Think more along the lines of cleaning the floorboards in your apartment and wiping all the collected dust off your blinds. You cleaned your bathroom? Great! Did you get that hard to reach spot behind the toilet? Probably not. And who could blame you? No one sees it, and it's super gross anyway. But those small tasks become much bigger tasks when you put them off.

Get your hand broom and dustpan and get all the dust out from under your refrigerator and stove. When you do the floors in your kitchen, do you have a habit of sweeping the gross stuff to the floor kick beneath your cabinets? That's an invitation for all kinds of bugs to come by for dinner. And even if you're spending more time alone at home, that doesn't mean you want insects letting themselves in every night to keep you company.

18. Learn something new

There are hundreds of online classes you can take right now to teach yourself some new skills, either for your job or to help prepare for a new career. Everything from programming and UX design to writing for business or even working toward your MBA.

Maybe your new skill set can be added to your resume to help yourself become more marketable when you're ready to look for a new job. Or, maybe you bought a super cheap guitar and you're teaching yourself chords so you can learn to play the theme song from "Psych" — hypothetically speaking, of course.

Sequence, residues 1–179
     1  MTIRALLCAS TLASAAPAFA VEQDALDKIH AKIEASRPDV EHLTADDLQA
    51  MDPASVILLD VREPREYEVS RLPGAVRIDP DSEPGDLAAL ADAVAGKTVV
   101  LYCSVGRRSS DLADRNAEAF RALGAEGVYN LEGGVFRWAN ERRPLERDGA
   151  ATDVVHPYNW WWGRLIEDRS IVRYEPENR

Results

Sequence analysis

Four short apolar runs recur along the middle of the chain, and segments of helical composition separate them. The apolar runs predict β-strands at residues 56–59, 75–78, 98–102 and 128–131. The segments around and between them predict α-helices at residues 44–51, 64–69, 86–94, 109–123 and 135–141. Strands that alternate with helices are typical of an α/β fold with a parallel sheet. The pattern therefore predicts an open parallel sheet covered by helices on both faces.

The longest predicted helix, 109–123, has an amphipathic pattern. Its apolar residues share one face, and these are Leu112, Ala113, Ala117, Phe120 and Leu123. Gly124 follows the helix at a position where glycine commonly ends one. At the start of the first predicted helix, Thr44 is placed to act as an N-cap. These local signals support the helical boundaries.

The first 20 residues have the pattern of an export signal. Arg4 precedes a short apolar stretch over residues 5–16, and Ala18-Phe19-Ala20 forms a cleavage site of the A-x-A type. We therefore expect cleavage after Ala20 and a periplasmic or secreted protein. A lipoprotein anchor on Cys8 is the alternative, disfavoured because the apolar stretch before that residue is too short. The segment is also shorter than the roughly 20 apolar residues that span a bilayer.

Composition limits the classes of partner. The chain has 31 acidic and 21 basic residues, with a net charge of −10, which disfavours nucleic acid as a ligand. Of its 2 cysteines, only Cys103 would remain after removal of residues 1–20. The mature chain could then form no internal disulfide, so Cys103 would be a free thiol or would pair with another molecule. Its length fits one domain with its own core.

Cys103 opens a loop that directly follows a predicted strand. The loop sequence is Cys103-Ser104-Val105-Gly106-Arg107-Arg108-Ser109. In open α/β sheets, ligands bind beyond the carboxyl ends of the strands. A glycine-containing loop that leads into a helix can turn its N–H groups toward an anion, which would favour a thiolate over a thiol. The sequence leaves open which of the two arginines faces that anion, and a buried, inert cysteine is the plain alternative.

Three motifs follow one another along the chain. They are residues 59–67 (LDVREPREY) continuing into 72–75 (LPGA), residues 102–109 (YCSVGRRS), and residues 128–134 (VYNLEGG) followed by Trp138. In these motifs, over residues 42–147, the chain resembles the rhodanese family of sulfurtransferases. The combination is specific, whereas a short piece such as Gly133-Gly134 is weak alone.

19. Flaunt your socks appeal

You know what's fun? Fun socks. You know what's even more fun and a surprisingly great relaxing activity? Making your own fun socks.

A quick trip to the art supply store and your nearest big-box retailer can help pass the time and help you channel your inner fashion designer. Pick up some plain white socks and things like glitter paint, markers and design your own fun socks! It's a fashion show for your feet.

20. Rise and grind

You're hearing a lot about side hustles and finding extra ways to make money during global downtime. And sure, there are lots of good reasons to try something new to get a little extra cash coming in. Having a little extra money never hurts. And since you have nothing but time, you can put that time to good use by picking up some part-time freelance work, like blog writing for a popular renter's lifestyle and living publication —again, hypothetically speaking.